Today’s topic: planning. I am a minimalist planner. Part is me rebelling from when I had to write music education lesson plans on a general classroom format every week. Part of the reason is that when I plan, I overplan. Part is that we follow rabbit trails so often and so easily that I hate having to mark things out in my planner and rewrite it with what we actually did. Minimalist planning is definitely where my groove is for planning.
I am a paper planner person (say that 3 times fast!). I like my printed planner so that I can jot things down and don’t have to have access to the computer to know what to do or what comes next. I create a general schedule and then we go for it. I expect us to do “the next thing” in whatever curriculum we are working on. In math – next lesson. In science – read to the next set of questions. In history – the next project. Just do what is next. For me, that means I don’t need to write out detail-by-detail what lesson comes on what day. We just do what is next.
And I write it down after we do it. When the math lesson is completed, I write it down in my planner that it was done. When the story is shared, I note it. When the project is presented, I write it. Each child has a color and I write their completed assignments in their color. And red or green means it was a family activity/project. Easy-peasy.
Now, that doesn’t mean I don’t read ahead or look at the curriculum or decide what we are going to do. It just means I don’t schedule each lesson out. And, it means that I am placing more responsibility on the girls to know and do what they are supposed to. Each year, they are a bit more responsible for their own learning. Miss E and Miss J each want their own person checklist for their week, so we use a simple chart in a spiral for that.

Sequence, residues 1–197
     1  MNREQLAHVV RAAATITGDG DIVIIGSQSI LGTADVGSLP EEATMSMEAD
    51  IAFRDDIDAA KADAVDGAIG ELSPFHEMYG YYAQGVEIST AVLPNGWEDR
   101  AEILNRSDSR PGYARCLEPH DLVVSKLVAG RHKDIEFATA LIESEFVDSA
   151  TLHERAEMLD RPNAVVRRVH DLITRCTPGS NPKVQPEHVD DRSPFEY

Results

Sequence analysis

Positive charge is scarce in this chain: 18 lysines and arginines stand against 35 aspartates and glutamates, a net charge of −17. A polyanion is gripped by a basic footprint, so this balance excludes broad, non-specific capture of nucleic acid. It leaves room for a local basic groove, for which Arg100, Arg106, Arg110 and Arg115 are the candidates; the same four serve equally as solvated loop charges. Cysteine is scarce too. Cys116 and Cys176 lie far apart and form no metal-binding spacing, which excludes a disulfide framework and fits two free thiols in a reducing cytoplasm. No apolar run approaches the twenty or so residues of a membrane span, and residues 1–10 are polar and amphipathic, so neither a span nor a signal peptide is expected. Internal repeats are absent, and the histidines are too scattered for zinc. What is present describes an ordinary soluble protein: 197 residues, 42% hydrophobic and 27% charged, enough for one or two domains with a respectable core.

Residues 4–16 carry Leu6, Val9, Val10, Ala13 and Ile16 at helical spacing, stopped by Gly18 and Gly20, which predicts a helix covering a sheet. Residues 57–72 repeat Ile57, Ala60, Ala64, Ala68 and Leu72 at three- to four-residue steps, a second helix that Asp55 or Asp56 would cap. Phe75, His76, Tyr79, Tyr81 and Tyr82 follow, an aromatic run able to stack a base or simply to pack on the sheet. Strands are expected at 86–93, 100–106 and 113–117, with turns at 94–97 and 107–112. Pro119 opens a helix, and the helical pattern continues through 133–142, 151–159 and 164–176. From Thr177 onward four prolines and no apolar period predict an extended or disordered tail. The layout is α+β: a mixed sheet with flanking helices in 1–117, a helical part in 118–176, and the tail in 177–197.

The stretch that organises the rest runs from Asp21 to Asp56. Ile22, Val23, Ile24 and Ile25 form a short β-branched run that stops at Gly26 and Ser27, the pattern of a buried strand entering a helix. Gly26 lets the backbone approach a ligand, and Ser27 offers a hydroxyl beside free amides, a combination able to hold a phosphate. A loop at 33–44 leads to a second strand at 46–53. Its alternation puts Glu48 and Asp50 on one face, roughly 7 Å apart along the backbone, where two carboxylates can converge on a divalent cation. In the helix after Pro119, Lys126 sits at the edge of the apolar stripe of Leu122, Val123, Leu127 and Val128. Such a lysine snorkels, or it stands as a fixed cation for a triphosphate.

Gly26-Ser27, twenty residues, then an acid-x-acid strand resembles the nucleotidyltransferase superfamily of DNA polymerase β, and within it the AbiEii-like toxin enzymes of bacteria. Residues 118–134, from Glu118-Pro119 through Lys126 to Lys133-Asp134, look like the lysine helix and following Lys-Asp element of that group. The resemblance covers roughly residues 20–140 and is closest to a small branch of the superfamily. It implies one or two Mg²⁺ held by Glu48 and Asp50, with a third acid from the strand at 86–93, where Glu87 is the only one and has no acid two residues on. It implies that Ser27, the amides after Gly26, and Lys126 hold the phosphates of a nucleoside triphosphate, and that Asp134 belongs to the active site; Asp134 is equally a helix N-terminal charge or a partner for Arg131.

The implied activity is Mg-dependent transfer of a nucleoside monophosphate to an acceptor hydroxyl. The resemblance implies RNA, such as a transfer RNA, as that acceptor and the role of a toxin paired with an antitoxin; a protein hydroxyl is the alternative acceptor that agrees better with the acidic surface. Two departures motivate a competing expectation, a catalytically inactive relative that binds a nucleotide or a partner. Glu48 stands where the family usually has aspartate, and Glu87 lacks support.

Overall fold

I am adding a bit of a twist for myself this year, though. Miss E is in 8th grade and some of the work she is doing will count towards her high school credits – sign language 3 and Fascinating Chemistry are two courses that will be going on her high school transcript. So, I am keeping tabs a bit closer on those, noting hours/time spent and grading the work and making her take all scheduled tests.
We are in Texas, which does not require any reporting for each year, so while I do grade projects and math assignments and such, I do not keep strict grades for the girls. I keep their work from year to year and I keep my planner as documentation of what was completed. For us, this is a good balance and documentation.
Looking for more ideas? Visit the others participating in the Homeschool Review Crew Back to Homeschool Blog Hop 2017.
Jennifer – Dear Homeschooler
Jodi – Insane in the Mombrain
Karen – Tots and Me…Growing Up Together
Kelly – God’s Writer Girl
Kellyann – Walking Home …
Kemi – Homemaking Organized
Kirsten – Doodle Mom’s Homeschooling Life
Kristi – Classically Quirky Learning
Tagged: Back to Homeschool, planning, TOS
i love the “just do the next thing approach” works out so well. 🙂
I agree. Not for everyone but works for us.
I think the key is finding what works best for you and your family. As long as the state requirements are met, the rest can be flexible.
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